Global Media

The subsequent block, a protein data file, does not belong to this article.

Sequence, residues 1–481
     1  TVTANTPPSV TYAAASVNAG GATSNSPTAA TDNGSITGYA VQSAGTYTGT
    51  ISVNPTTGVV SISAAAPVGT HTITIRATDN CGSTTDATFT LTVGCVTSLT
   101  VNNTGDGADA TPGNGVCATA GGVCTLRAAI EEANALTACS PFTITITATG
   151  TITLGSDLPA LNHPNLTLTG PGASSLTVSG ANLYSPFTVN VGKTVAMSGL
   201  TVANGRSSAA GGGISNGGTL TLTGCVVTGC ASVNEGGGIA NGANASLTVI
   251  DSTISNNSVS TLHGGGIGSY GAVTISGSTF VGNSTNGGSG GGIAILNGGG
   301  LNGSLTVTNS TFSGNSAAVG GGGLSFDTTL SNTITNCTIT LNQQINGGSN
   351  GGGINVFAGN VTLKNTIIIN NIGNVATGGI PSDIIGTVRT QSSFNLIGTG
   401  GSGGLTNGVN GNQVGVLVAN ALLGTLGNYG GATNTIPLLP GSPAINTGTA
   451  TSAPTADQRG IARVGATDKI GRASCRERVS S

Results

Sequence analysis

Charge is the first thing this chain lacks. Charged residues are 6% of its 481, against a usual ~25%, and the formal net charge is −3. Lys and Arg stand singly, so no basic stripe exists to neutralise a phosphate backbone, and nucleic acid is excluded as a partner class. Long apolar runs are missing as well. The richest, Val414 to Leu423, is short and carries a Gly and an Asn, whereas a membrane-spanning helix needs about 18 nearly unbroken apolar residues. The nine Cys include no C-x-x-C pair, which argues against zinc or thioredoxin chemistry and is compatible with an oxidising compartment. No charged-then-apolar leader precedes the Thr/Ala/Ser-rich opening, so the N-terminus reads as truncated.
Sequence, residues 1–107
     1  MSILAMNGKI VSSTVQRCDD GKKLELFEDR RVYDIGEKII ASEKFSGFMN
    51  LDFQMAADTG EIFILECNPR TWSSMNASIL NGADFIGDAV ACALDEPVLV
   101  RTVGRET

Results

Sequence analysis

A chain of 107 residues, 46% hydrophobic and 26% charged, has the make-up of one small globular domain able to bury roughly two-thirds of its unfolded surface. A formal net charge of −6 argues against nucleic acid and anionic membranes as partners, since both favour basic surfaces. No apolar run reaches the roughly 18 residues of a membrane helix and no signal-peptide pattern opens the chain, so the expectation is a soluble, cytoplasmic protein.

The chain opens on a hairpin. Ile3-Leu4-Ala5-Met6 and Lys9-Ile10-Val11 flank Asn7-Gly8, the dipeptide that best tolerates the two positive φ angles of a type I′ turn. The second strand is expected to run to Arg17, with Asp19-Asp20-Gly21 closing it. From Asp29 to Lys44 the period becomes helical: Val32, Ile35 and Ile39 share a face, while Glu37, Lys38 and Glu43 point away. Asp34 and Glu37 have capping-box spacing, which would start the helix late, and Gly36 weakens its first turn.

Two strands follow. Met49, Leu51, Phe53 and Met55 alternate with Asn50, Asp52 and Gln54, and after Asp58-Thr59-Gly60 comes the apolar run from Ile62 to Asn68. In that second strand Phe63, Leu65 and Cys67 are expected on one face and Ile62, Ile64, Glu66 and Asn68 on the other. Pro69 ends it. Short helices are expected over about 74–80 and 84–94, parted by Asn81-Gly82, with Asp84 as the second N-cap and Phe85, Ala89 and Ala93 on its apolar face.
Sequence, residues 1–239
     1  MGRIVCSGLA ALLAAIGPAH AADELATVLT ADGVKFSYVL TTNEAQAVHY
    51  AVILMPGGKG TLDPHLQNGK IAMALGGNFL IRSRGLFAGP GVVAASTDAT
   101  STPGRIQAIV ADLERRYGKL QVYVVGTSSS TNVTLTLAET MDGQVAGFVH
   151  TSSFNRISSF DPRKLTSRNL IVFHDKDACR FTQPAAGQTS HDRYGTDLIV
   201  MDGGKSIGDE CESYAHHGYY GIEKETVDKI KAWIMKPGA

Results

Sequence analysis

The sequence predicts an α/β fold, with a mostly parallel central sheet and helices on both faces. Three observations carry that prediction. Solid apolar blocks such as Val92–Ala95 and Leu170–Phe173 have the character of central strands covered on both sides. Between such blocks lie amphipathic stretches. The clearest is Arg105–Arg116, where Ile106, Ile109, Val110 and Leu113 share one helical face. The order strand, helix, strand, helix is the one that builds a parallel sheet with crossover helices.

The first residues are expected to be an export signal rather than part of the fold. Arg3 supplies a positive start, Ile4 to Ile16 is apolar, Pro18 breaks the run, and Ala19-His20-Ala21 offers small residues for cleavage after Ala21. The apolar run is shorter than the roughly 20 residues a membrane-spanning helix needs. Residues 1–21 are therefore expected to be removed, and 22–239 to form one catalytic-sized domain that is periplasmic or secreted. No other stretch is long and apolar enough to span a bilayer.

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Nowadays, people live in a global age and the pace of globalisation has accelerated as a result of the rapid development of technology and economy. Under the process of globalisation, both the local culture and the mass media are affected dramatically. The phenomenon of homogenisation and heterogenisation has been created and is considered as the most representative and symbolic impact. However, the topic of globalisation is highly controversial and needs to be analysed in depth. In history, three theories have been used by scholars to look at globalisation and its effect. The modernisation theory and cultural dependency theory analysed the positive and negative influences of homogenisation as a result of globalisation. Heterogenisation, as the opposite side of homogenisation, is emphasised in the cultural pluralism theory as the other significant influence of globalisation. Therefore, this essay will aim to examine the effects of globalisation on both media systems and local culture from these three perspectives. According to McQuail (2005: 248-252) and Thussu (2006: 41-46), the modernisation theory believes that the mass media through the global flow of information could spread the message of modernity and help transform and develop traditional societies. Besides, both Lerner (1958) and Schramm (1964) mentioned that mass media functioned as a mobility multiplier, and could help people experience events in far-off places and let them reassess traditional life. Because of the global flow of mass media, people in developing countries can easily view how the modernised life is in the West from newspaper, radio, television and internet. At the same time, a strong desire for a better life and to shake off the traditional way of living has been formed from the media exposure. However, this view neglects the significant influence of indigent native culture. For example, the Islamic traditions still play an important role and are becoming more influential in the Muslim world despite the West’s effects (Thussu 2006: 45-46). The global flow of mass media also leads to a phenomenon of homogenisation and the media systems have become increasingly similar over the world (McQuail 2005: 251-252). Influenced by the Western style of professional television journalism, similar television programmes start to appear in other countries. Examples include the current-affairs programmes like We the People in India and critical investigative programmes such as Focal Report on CCTV in China (Zhao 1999: 303). Through the process of global homogenisation, people are increasingly able to access different culture and share the common cultural experience of each other. For instance, it is not surprising to find people watch The World Cup and Olympics, listen to Micheal Jackson’s music and wear the Levis jeans everywhere of the world (Hopper 2007: 64-65). Nonetheless, the mass media is not a neutral carrier of information. The media now is largely owned by global media firms and the access to a global culture is more likely to be a one-way flow from Western countries to developing countries (Thussu 2006: 43-45). Unlike the modernisation theory, negative impacts of globalisation are also stressed in cultural imperialism theory. Firstly, Thussu (2006: 46-50) claimed that globalisation increased the dependency of developing countries on the West instead of helping them develop. There’s no doubt that America plays a dominant role in the world entertaining industry. For example, Hollywood films are shown in over 150 countries and American television programmes are broadcast in about 125 international markets. Even in Europe, which already had a developed film industry, the top 10 films were all Hollywood films from 1996 to 2004 (Thussu 2006: 156-158,). However, it is apparent that the huge success of American films in other countries will restrain the growth of domestic film industry. With a less developed domestic film industry, cinema especially in...
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